Green Century Funds President Leslie Samuelrich reports that the recent, costly ruling against BP provides a concrete example of why it makes sense to avoid investing in oil companies. Green Century sent out a release that provides the rationale from an investor's point of view.
A news release said the details of the spill in 2010 may have faded, which was once described as the "worst U.S environmental disaster" by then EPA Director Carol Browner; but the recent watershed ruling, which may eclipse $50 billion, brought the financial impact of the company's actions back to the attention of investors worldwide.
After the ruling, BP's stock immediately declined, and financial analysts predicted that the fine could wipe out years of profit and interfere with the company's financial ability to maneuver effectively. BP was found guilty of gross negligence by U.S. District Judge Carl Barbier for its oil rig that exploded, killing 11 people and dumping 170 million gallons of crude oil into the Gulf of Mexico for three months.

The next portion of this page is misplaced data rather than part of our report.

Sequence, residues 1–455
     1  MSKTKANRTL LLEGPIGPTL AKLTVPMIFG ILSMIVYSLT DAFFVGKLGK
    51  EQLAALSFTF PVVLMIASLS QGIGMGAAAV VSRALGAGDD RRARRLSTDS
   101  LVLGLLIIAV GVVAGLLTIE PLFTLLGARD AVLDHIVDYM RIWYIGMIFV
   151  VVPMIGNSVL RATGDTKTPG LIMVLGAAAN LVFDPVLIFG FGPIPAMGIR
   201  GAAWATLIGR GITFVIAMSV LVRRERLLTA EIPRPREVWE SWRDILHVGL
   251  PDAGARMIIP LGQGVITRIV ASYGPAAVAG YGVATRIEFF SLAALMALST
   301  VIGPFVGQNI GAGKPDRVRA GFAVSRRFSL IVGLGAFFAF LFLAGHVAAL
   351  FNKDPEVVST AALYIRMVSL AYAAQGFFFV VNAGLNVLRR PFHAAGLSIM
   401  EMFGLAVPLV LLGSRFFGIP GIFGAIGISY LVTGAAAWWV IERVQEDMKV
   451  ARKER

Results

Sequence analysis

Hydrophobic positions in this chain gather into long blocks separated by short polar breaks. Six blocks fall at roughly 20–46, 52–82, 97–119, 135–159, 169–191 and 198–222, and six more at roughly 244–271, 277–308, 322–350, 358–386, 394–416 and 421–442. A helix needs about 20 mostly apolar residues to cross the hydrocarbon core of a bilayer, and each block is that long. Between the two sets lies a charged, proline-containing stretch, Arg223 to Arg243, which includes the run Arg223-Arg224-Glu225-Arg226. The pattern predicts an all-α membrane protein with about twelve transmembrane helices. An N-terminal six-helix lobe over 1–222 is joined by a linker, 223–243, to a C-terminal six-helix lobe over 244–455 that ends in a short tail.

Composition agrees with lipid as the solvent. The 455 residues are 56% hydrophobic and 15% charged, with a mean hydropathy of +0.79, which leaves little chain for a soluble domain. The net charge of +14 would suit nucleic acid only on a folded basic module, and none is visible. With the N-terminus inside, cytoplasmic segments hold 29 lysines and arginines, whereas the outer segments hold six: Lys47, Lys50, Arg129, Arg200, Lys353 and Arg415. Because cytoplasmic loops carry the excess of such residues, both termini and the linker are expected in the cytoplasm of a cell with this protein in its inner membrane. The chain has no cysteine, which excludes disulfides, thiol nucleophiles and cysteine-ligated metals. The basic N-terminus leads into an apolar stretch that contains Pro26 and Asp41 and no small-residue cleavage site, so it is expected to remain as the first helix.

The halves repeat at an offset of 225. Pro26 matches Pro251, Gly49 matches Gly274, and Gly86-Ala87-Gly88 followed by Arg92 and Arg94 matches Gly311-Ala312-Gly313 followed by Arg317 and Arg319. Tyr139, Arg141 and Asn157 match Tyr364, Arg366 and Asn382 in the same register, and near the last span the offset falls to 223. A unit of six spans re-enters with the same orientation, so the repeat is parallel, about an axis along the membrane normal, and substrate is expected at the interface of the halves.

"The ruling shows that the risks of pursuing high-cost and high-risk oil explorations in deep water can impact investors for years," stated Leslie. "This ruling is a wake-up call for investors who have not yet addressed the potential risks of investing in fossil fuel companies. While the BP explosion was unprecedented, no drilling company can predict or protect against all the unforeseen environmental accidents and resulting costs and liabilities that can impact investors."
Both Green Century's Balanced Fund and Equity Fund exclude fossil fuel companies and instead seek to invest in companies that manage environmental risks and operate sustainably. Green Century also works with companies to improve their environmental footprint and make their supply chain more sustainable.